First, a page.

Sunday, November 15, 2015

Review: The Death of April

Text © Richard Gary / Indie Horror Films, 2015
Images from the Internet

The Death of April
Written and directed by Rubin Rodriguez
Mojo Creative Group / itn distribution
86 minutes, 2012 / 2015

After college, Meagan Mullen (Katarina Hughes) moves from her family in California to Bayonne, NJ (isn’t that punishment enough?) for a teaching job. And then there is something other-worldly going on in her apartment.

Mixing documentary style (“based on a true story…”) and found footage, we learn right from the start that something has happened to Meagan, as she is referred to in past tense, so there is no spoiler alert there. Her mom (Stephanie Domini), dad (Travis Peters) and law school student older brother (Adam Lowder), among others, reminisce about what a wonder kid she was, and beautiful person she turned out to be, while we see real VHS home video clips and photos of Hughes as she was growing up. This is a really nice touch.

Katarina Hughes as Meagan Mullen
Being a child of modern technological and mediated culture, Meagan is constantly video selfie-ing herself as a record to send home, which is a lovely thought, but man, the ego is tremendous. Is there anyone who actually needs to have this much of their life recorded?

But, of course, there’s the mysterious goings on, such as a door in the background opening and closing by itself behind her, or a strange shadow that crosses over the camera. Didn’t anyone else (i.e., family and friends) watch them? No matter what happens she stays there; I kept thinking of the Eddie Murphy routine from Delirious (1983) where he talks about white people staying in haunted places. Why didn’t someone tell her to get the fuck out? While spending half the time whining about sounds keeping her away or clothes that have been pulled out of drawers and end up on the floor, she claims she’s happy there, as well.

As you may have guessed by this point, this borrows liberally from the Paranormal films. What that means, of course, is that while Meagan or anyone else is in front of the camera, you’re not looking at them, you’re looking behind to see if any spookiness is slinking by. After a while, that stops though, as there is a “tell” (a poker term; look it up) where there is some “noise” on the image, sort of like digital static, just before something occurs (most of the time). As Michael Palin said in Monty Python, “Oh! What a giveaway!”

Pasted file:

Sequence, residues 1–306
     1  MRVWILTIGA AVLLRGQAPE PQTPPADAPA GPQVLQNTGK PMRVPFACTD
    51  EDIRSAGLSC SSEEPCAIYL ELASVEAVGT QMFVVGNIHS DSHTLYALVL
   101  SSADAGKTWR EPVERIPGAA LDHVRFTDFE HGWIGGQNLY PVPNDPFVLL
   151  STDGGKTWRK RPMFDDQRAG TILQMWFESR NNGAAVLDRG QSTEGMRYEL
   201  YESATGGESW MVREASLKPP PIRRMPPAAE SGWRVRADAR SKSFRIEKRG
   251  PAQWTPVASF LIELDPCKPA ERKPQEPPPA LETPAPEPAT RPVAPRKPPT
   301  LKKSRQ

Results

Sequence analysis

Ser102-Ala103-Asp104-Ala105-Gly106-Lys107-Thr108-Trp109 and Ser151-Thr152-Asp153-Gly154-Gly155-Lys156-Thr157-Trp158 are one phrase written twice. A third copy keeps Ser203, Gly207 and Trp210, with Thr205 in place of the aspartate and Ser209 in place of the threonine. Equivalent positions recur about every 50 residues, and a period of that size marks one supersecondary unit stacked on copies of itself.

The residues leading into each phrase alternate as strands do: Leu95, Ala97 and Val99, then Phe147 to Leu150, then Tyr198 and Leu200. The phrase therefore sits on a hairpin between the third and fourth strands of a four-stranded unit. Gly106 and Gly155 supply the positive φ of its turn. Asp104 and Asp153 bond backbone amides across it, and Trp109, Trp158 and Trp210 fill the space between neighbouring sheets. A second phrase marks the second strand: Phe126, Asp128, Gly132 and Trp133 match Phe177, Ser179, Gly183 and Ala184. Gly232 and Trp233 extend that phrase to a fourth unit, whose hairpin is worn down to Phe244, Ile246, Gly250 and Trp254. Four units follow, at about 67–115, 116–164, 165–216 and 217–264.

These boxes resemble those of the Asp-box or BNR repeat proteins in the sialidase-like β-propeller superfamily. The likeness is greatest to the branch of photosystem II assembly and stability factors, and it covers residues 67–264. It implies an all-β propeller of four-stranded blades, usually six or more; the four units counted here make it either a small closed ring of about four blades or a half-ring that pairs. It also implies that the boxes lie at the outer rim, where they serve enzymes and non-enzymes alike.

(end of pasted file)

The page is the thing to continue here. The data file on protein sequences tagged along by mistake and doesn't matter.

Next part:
Perhaps on some level, Meagan brought this all on herself; it seems she would play with an Ouija board trying to conjure spirits at some point (pre-Jersey), and it is possible the spirits or poltergeist followed her, is one of the implications. After all, Meagan does a couple of strange things even before moving to Jersey, such as standing in the back yard during a rain staring at nothing.

One thing that kept sticking in my mind is that everyone keeps going on and on about how wonderful, open, cheerful, positive, etc., Meagan was, and I kept thinking that this is defensive behavior, because it was just too over the top, in a “the lady doth protest too much” (Hamlet, FYI) way. But I’m not even halfway through the film yet, so we’ll see, eh wot?

The entity in question is a riddle. Is it said poltergeist, is it the ghost of April (Paulina Grochala, who was also the lead character in a short film by Rodriquez called Faust, which is also centered around an Ouija board) who was murdered in the apartment before Meagan moved in, or is it possibly a demon as one character (Amy Rutledge) posits? April’s murder becomes an obsession for Meagan. Wisely for the story, there are a lot of open questions at the end, rather than sewing it up nicely, for which I’m grateful.

The film relies more on spooky happenings than on anything else, and while there is a scene with some blood, this is hardly what one could call a gorefest. If you’re looking for some exposed body parts, well, that’s completely out of the question. What you will see is some decent acting, an okay story that would be better suited at an hour rather than full feature length (but then again, I feel that way about most movies I review), and some nice jump scares. What you won’t find is anything related to the DVD cover image other than the aforementioned Ouija board. Oh, and the only extra is the trailer (as seen below).

This is totally a digression, but I once owned an Ouija board. At some point it unnerved me so much, I took an axe to it, and threw it in three different garbage containers around the neighborhood. Did not like the mojo.

As far as recommendations go, yeah, if you liked the Paranormal films, or enjoy stories of possession or supernatural events or things that literally go bump in the night, you might be pleasantly surprised.


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